Tuesday, June 17, 2014

Secret painting found beneath Picasso's early masterpiece

A portrait of a mystery bow-tied man beneath Picasso's The Blue Room painting has been discovered with infrared imagery. Scientists have long suspected the canvas's surface might be hiding something and now wonder if it is the artist’s own earlier work.
An unknown man with bearded face resting on his hand with three rings on his fingers, wearing a jacket and a bow-tie was discovered under Pablo Picasso's The Blue Room masterpiece. Dated 1901, the painting was created in Paris, while Picasso was at the start of his distinctive blue period of melancholy subjects. 

The under-portrait might be the artist's own earlier work. 

"When he had an idea, you know, he just had to get it down and realize it," curator Susan Behrends Frank told the AP, revealing Picasso had hurriedly painted over another complete picture. "He could not afford to acquire new canvases every time he had an idea that he wanted to pursue. He worked sometimes on cardboard because canvas was so much more expensive." 

Conservators long suspected there might be something under the surface of The Blue Room, judging by the way it was painted. Brushstrokes on the piece clearly do not match the composition that depicts a woman bathing in Picasso's studio. The odd brush work was noted by a conservator back in 1954, but it was not until the 1990s that an x-ray of the painting first revealed a fuzzy image of something under the picture.

Still image from AP video: detail of Picasso's The Blue Room
Still image from AP video: detail of Picasso's The Blue Room

Over the past five years, experts from the Phillips Collection, National Gallery of Art, Cornell University and Delaware's Winterthur Museum have developed a clearer image of the underneath mysterious picture using a special technical analysis. 

The finding has fueled new research of the man's identity. Experts have ruled out the possibility of a self-portrait, and are now looking for answers who this man might be and why Picasso painted him. 

The Blue Room has been part of the Phillips Collection museum in Washington since 1927. For now the painting is on tour in South Korea until early 2015.

Still image from AP video: technical analysis allows 'dig deeper' into a painting
Still image from AP video: technical analysis allows 'dig deeper' into a painting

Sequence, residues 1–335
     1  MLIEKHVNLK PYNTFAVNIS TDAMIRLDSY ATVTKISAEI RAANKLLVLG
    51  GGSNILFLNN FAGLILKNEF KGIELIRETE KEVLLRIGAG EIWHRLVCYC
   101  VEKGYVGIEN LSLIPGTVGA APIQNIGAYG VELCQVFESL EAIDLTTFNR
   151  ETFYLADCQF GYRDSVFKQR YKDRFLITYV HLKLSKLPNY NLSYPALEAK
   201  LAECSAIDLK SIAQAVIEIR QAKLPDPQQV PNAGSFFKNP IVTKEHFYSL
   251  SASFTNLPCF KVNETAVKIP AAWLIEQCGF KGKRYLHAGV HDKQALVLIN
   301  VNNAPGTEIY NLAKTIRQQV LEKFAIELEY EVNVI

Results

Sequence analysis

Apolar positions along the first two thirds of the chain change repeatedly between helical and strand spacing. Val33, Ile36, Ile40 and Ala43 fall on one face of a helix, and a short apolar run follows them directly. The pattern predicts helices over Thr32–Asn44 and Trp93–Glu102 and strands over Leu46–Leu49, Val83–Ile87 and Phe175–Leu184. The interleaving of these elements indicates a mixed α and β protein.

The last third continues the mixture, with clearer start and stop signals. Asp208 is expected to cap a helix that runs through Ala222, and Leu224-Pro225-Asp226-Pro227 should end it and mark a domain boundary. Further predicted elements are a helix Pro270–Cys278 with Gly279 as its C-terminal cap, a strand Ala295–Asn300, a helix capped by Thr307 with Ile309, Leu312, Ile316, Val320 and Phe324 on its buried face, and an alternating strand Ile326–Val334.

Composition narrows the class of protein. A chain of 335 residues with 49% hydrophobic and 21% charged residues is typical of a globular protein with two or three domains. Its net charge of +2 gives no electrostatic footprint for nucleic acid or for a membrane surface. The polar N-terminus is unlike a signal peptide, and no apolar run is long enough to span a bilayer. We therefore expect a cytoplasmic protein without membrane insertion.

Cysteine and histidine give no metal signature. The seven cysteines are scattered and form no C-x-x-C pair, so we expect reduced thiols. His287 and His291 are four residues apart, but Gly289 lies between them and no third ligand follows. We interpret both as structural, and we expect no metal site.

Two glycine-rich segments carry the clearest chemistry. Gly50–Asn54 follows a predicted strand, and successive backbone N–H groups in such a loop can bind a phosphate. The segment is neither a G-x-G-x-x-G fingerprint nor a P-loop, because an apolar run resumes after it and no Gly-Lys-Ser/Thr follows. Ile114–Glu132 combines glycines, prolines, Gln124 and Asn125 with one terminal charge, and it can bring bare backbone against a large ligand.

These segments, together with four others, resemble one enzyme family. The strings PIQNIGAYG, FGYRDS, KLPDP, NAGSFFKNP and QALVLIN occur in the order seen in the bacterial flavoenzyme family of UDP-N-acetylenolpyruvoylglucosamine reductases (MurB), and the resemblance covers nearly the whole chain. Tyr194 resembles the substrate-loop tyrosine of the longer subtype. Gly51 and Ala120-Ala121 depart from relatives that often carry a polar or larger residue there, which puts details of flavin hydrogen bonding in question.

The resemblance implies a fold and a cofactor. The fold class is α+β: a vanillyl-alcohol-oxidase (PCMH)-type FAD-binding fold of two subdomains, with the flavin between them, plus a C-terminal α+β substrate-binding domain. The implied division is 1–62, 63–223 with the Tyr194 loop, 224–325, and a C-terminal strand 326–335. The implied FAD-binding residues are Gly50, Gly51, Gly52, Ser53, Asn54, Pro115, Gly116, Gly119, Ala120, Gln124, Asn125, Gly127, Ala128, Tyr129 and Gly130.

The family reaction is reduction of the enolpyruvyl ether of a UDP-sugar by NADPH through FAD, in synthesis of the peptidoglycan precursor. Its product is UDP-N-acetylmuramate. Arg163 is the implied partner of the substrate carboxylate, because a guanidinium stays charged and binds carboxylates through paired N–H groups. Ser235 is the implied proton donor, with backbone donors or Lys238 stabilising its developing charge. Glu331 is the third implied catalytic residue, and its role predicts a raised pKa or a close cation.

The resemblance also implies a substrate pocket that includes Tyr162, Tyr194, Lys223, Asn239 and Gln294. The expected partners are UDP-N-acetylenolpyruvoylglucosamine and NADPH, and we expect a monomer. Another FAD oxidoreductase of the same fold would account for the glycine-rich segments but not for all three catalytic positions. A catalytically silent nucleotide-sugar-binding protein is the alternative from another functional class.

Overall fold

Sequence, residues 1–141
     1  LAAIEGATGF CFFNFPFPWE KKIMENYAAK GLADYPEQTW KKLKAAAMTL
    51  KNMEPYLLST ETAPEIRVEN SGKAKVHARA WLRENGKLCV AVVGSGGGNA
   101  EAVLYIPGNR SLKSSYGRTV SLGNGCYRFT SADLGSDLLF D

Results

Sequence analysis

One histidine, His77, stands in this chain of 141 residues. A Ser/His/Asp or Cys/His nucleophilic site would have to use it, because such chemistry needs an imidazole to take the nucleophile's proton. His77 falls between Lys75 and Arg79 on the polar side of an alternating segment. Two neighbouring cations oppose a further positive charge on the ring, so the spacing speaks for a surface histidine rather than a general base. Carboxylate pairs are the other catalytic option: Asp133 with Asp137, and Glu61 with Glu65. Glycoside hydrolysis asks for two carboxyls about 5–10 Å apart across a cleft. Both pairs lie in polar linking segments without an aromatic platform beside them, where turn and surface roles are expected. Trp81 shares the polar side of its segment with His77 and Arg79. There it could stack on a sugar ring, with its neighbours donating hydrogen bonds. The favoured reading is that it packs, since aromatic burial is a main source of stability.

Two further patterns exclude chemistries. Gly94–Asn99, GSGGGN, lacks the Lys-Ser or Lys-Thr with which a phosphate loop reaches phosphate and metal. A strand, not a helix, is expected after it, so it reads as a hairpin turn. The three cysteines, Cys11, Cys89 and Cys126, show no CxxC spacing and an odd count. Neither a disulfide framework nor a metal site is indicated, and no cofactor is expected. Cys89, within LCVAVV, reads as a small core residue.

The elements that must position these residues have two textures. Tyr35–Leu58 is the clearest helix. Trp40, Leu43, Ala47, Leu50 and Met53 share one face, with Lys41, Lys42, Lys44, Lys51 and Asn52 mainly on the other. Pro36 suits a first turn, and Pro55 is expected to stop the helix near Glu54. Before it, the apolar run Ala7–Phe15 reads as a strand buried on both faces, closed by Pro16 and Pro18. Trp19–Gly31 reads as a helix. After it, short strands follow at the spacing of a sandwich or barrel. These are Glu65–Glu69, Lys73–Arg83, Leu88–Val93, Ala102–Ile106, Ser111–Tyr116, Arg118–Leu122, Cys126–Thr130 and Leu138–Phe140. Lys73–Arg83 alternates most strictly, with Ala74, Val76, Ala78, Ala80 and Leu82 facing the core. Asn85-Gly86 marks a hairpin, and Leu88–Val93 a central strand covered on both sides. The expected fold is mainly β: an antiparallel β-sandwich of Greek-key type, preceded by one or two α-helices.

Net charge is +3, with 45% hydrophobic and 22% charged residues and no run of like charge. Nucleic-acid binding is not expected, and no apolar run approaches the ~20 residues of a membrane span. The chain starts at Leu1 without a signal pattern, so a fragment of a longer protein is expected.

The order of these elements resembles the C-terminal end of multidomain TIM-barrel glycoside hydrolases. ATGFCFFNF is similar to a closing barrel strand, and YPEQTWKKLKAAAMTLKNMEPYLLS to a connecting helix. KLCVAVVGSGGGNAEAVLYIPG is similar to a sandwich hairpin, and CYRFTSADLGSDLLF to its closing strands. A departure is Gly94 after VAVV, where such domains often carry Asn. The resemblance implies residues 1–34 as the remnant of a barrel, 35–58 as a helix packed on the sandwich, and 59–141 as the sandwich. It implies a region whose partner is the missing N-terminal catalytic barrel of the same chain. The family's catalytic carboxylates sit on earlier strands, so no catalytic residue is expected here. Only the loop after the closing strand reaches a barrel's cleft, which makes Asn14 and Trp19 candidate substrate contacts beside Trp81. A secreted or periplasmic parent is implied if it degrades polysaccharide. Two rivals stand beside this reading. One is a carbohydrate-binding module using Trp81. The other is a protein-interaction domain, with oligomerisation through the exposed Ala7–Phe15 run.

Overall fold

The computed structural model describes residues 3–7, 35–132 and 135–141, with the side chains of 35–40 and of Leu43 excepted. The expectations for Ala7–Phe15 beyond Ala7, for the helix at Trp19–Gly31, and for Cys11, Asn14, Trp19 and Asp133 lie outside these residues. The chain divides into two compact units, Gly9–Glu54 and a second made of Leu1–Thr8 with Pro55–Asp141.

The revelation of the man's portrait beneath the painting is not the first finding in Picasso's works. Hidden pictures have been found under some of the artist's other creations, including a portrait of a moustached man beneath the painting Woman Ironing, at the Guggenheim Museum in Manhattan. 

It's not just Pablo Picasso who saved on canvases, drawing over his previous works. Art historians have long known that Vincent van Gogh painted over many of his canvases. By using conventional x-ray technology, scientists were able to reveal the portrait of a woman hidden beneath van Gogh's 1887 Patch of Grass. 

The same method helped investigate "a confusing area of greater density" in one of Rembrandt's portraits, Old Man in Military Costume of 1630. In the 1980s conservators discovered that there was another figure hidden beneath.

Number of disabled surging in NZ – survey

A quarter of New Zealand is suffering disabilities on account of the country’s aging population. The figure came from the New Zealand Disability Survey
Reuters / Nir Elias

released on Tuesday by Statistics New Zealand. The figure had shot up from 20 percent in 2001.

 “This group has a higher likelihood of being disabled than younger adults or children,” said Statistics NZ labor market and household statistics manager Diane Ramsay.

 Ramsay suggested that the aging population of New Zealand was responsible for the net increase in disabilities. In 2002, some 12 percent of the population was over the age of 65, while 14.3 percent had passed that age in 2013. 59 percent of the disabled were over the age of 65, while 21 percent were under 65 and 11 percent were children under 15. Among children, the most pervasive causes of disability were those which had existed from birth. A learning disability affected 52% of disabled children. The survey also recognized that “Māori people were more likely to be disabled than non-Māori.” Additionally, the rate varied from region to region. Auckland reported a lower-than-average rate – 19 percent. “Two in 10 people in the Auckland region were limited in their daily lives by long-term impairment, compared with 3 in 10 people living in the Taranaki and Northland regions,” Ramsay said.